Shale Gas in the Sichuan Basin: considerations of gas-in-place and fraccability
In recent years, shale gas plays have become increasingly important exploration targets around the world. In China, various black shale formations ranging from Precambrian to Cenozoic in age cover an area of more than 3×106 km2. The initial assessment showed a total shale gas potential of 100×1012 m3 and recoverable reserves ranging from 21.5 to 45 ×1012 m3 (Zhang, et al, 2009; Dong, et al, 2010; Liu, et al, 2010; EIA, 2011). The Sichuan basin is a known province of both, conventional and unconventional natural gas, located in the South China. Black shales are ubiquitous in the Paleozoic marine formations and Mesozoic transitional and lacustrine formations. It has been recognized as one of the most promising shale gas provinces in China.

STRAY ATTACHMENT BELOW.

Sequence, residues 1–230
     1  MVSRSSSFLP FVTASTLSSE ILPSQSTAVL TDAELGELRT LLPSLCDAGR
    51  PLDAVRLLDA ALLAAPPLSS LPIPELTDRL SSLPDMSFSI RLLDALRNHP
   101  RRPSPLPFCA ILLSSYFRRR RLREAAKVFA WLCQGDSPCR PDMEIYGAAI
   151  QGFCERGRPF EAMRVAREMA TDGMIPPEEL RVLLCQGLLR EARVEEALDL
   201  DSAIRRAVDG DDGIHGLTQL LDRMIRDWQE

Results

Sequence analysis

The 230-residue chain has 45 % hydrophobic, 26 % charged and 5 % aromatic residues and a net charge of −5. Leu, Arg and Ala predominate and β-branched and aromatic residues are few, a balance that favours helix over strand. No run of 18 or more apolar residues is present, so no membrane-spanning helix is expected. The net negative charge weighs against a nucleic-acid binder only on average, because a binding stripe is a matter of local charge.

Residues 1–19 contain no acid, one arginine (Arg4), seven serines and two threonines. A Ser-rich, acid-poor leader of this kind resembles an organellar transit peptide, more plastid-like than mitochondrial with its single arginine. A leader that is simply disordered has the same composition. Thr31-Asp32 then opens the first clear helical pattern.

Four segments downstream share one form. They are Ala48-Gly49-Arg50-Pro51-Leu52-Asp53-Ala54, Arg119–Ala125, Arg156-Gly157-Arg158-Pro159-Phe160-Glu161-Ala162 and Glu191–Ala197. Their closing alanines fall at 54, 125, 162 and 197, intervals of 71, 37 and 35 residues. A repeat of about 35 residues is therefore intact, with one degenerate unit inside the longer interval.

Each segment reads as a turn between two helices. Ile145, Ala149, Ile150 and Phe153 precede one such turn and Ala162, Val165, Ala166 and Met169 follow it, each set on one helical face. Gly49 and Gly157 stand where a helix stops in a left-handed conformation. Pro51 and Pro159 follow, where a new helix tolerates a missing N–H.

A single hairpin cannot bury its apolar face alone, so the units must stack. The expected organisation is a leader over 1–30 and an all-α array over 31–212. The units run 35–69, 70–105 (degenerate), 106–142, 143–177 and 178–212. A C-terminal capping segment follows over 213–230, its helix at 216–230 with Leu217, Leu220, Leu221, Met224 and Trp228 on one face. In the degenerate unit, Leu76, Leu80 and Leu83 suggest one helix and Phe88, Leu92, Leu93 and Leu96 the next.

This project focuses on the assessment of Gas-In-Place (GIP) and fraccability of the Lower Silurian Longmaxi black shale and Lower Cambrian Qiongzusi black shale in the Sichuan Basin and Upper Yangtze Platform, South China (Fig.1). In conjunction with the regional geology, we are performing a comprehensive investigation to determine 1) organic matter richness and kerogen properties, 2) gas content, adsorption and generation, and 3) non-organic mineral composition for the assessment of gas in Place (GIP). The analytical methods being employed include total organic carbon (TOC), Rock-Eval, pyrolysis- gaschromatography, thermovaporisation-gaschromatography, fluid inclusion, organic petrology and X-ray diffraction. In addition, the phase kinetics approach is being applied to investigate petroleum property evolution in P-T space. Fraccability of shale reservoir depends on numerous complex and interdependent factors. Our ongoing project considers the following three parts：1) mineral composition and micro- to nano-scale texture, 2) porosity and permeability, and 3) material properties of brittleness and ductility. They are realised by analyzing the mineral composition and texture on different scales using microscopy, X-ray diffraction (XRD), scanning electrom microscopy (SEM) and transmission electron microscopy (TEM), plus petrophysical and rock mechanical measurements.